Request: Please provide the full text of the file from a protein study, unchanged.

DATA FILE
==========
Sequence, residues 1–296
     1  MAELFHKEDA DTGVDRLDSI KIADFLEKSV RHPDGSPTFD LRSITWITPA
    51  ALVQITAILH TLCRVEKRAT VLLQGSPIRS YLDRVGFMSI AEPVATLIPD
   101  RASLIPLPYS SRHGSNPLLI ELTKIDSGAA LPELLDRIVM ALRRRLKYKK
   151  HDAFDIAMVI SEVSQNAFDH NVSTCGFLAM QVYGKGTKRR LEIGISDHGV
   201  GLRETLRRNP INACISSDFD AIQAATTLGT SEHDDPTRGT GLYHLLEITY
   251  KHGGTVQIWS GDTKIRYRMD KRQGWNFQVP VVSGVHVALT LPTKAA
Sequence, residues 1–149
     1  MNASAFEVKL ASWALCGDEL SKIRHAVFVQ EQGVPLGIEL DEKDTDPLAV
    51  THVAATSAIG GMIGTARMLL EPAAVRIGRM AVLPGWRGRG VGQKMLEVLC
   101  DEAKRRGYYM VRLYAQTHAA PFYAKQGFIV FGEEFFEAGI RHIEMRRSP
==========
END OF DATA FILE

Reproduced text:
Sequence, residues 1–296
     1  MAELFHKEDA DTGVDRLDSI KIADFLEKSV RHPDGSPTFD LRSITWITPA
    51  ALVQITAILH TLCRVEKRAT VLLQGSPIRS YLDRVGFMSI AEPVATLIPD
   101  RASLIPLPYS SRHGSNPLLI ELTKIDSGAA LPELLDRIVM ALRRRLKYKK
   151  HDAFDIAMVI SEVSQNAFDH NVSTCGFLAM QVYGKGTKRR LEIGISDHGV
   201  GLRETLRRNP INACISSDFD AIQAATTLGT SEHDDPTRGT GLYHLLEITY
   251  KHGGTVQIWS GDTKIRYRMD KRQGWNFQVP VVSGVHVALT LPTKAA
Sequence, residues 1–149
     1  MNASAFEVKL ASWALCGDEL SKIRHAVFVQ EQGVPLGIEL DEKDTDPLAV
    51  THVAATSAIG GMIGTARMLL EPAAVRIGRM AVLPGWRGRG VGQKMLEVLC
   101  DEAKRRGYYM VRLYAQTHAA PFYAKQGFIV FGEEFFEAGI RHIEMRRSP